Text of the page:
In contrast with New York, Massachusetts, Delaware, Colorado and Rhode Island have all passed laws that bar the use of non-competes in physician employment agreements. New Mexico also prohibits non-competes that prevent physicians and other healthcare practitioners from providing clinical healthcare services, but the state does not limit such provisions in agreements between shareholders, owners, partners or directors of the practice. Non-competes in employment agreements are generally unenforceable in California, so this restriction applies to physician agreements as well. Both Delaware and Colorado’s statutes contain loopholes that permit physicians to be held liable for damages in the event they leave their practice and compete in the area; but in 2018, Colorado passed legislation to prevent physicians from being liable for such damages where they disclose their new contact information to patients with “rare disorders.”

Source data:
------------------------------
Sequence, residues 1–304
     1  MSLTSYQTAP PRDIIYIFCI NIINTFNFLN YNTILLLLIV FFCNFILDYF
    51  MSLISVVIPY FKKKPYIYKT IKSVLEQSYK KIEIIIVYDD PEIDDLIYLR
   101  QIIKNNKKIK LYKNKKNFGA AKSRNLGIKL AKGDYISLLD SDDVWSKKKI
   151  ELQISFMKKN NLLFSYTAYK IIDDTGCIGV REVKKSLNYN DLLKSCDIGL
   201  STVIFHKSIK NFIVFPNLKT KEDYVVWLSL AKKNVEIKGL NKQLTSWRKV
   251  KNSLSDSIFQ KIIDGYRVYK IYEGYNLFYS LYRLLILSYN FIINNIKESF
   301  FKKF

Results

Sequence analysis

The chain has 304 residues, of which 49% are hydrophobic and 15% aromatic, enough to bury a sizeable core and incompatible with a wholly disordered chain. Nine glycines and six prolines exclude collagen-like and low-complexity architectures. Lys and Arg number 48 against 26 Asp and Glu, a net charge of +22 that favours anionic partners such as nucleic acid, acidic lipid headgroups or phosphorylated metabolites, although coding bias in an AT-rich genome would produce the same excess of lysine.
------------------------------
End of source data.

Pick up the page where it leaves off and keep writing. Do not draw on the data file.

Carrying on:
Other jurisdictions have also imposed restrictions on physician non-competes with patients’ access to care in mind. For example, the Florida legislature enacted a law made effective last year that prohibits non-compete agreements between a physician who practices a medical specialty and an entity that employs or contracts with, either directly or through related or affiliate entities, all physicians who practice the specialty in the county. The law explicitly states that such non-competes are unlawful because they restrict patient access to physicians and increase healthcare costs. Similarly, Texas law allows physician non-competes only to the extent that they: (a) do not deny physicians access to a list of the patients whom they had seen or treated within one year of termination of the contract or employment; (b) provide physicians access to medical records of their patients upon authorization of the patient; (c) provide for a buyout of the non-compete by the physician at a reasonable price or a price determined by an arbitrator; and (d) allow physicians to provide continuing care and treatment to a specific patient or patients during an acute illness.